Centralizing, or standardizing if you prefer, identity concerns enables your organization to improve the ways in which your employees, customers, and partners interact with you. From the simple benefits of universal profile management to the less flashy, but incredibly important, ability to unify authentication—all these things make your user’s experiences better with less friction. This increases your ability to acquire, keep, and expand the user’s relationship with your business. A happy user, employee, partner, customer, or whomever, is a user that costs you less, makes you more and will tell friends.
The relative ease with which applications can be deployed has contributed to an ever-increasing number of them. These applications can be spun up quickly, in some cases by third parties outside the control of local IT groups, and deployed in the wild literally in days. If identity—specifically user and user profiles sprawls with it—then the valuable data about a user is lost in the noise. User duplication, authorization fragmentation, and a host of other data issues are obvious. What’s maybe less obvious is the impacts on things like GDPR or, more generally, consent and data privacy. How can you forget a user if you don’t know all the places that user is remembered? Furthermore, what if each instance of that user is defined differently; perhaps an email address here and a phone number there? Simply standardizing the core master data definition of what a user is and controlling the basics of their profile could be enough to justify identity as a first-class architectural citizen.
When I look at the identity sprawl in systems I’ve helped build or consulted upon, I always think about one thing: Time;lost re-inventing the wheel, time spent fixing bugs in one system that was duplicating logic already implemented bug-free in another, time wasted.
Reuse should not be a new concept at this point. However, reuse has always been met with the emotional barrier of the dev or product team that was sure they could “do it better” or that did not want to be dependent upon somebody else’s code.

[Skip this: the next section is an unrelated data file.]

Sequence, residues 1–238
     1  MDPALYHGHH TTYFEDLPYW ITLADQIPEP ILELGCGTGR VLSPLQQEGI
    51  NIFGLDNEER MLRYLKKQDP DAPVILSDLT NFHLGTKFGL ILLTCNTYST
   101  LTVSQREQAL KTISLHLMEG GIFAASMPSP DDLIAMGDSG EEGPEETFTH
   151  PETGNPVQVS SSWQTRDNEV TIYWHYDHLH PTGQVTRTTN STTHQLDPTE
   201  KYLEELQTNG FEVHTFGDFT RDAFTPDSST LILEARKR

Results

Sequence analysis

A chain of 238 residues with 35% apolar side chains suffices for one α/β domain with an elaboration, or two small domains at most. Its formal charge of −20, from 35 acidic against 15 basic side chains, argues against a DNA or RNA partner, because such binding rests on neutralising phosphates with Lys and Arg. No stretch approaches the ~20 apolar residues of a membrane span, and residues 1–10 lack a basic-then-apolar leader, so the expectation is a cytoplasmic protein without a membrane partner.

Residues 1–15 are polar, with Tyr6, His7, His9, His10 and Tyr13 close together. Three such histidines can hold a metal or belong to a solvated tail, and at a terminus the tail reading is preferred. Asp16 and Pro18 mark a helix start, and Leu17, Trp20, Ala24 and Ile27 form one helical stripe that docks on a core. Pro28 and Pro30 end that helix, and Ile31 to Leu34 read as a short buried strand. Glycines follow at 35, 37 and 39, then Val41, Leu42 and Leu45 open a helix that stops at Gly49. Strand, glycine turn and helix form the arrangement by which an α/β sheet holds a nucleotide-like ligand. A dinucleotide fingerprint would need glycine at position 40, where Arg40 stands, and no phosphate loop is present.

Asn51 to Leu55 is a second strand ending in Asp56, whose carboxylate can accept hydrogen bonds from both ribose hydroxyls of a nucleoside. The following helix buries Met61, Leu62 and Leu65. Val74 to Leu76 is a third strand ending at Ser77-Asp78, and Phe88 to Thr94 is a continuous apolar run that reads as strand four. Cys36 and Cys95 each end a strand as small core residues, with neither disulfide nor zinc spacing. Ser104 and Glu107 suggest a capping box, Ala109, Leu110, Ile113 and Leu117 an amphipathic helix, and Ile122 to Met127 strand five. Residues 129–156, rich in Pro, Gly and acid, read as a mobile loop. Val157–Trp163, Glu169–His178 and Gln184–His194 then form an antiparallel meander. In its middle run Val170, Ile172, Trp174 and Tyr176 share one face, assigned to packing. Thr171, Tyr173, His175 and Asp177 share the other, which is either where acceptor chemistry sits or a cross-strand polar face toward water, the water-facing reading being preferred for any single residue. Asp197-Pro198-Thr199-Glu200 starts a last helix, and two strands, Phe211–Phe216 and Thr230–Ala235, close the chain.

This is why identity has to be a first-class citizen. Think of the argument that would ensue in a sprint planning meeting if someone suggesting duplicating the sales tax calculation that already existed in the core order management system. Hopefully, nobody would allow this duplication of effort and risk to the core business logic system. This same sort of allergic reaction needs to exist if a team wants to implement their own user profile store. Identity has to be seen as a core, cornerstone system, and, once that happens, no longer will time be wasted reinventing that particular wheel.
Threats, compliance concerns, innovation; all these things and more contribute to the need to be proactive and reactive in your security posture. There is no greater risk to an application or system than its own users. Phishing attempts, account takeovers, credential sharing—you name it, users will find a way to help cause a breach. A central identity platform will not eliminate this risk, however, your only hope in being able to augment and adjust your security tactics is to have one place to implement your strategy.
We have reached a precipice in enterprise design for identity. For decades, identity was a component that “came with” something else. Now, with the need to integrate and propagate our data and systems around the world, identity must stand as its own thing. Identity is no longer able to be considered a part of something–it is, in fact, its own thing.
So, that’s what I mean when I say that Identity must now be a first class architectural citizen. When building out designs, be it a simple website or a massive business footprint, identity must be thought of as a foundational entity in order to reap the benefits of its incredible impacts.
Read more about Architectural topics:
- Why Every Developer Needs to be a Generalist
- Tech at the Edge of the World: Offline Applications
- Make It Complicated, So It Can Be Simple